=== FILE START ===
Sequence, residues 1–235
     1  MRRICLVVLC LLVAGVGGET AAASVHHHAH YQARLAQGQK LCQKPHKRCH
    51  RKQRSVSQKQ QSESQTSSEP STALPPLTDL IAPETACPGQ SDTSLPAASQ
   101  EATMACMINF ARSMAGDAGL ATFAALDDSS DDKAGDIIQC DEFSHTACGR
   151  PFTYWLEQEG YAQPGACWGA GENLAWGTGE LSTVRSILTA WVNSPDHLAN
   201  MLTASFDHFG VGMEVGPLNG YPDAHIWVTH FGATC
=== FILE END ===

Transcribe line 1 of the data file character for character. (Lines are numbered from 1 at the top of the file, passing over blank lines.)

Sequence, residues 1–235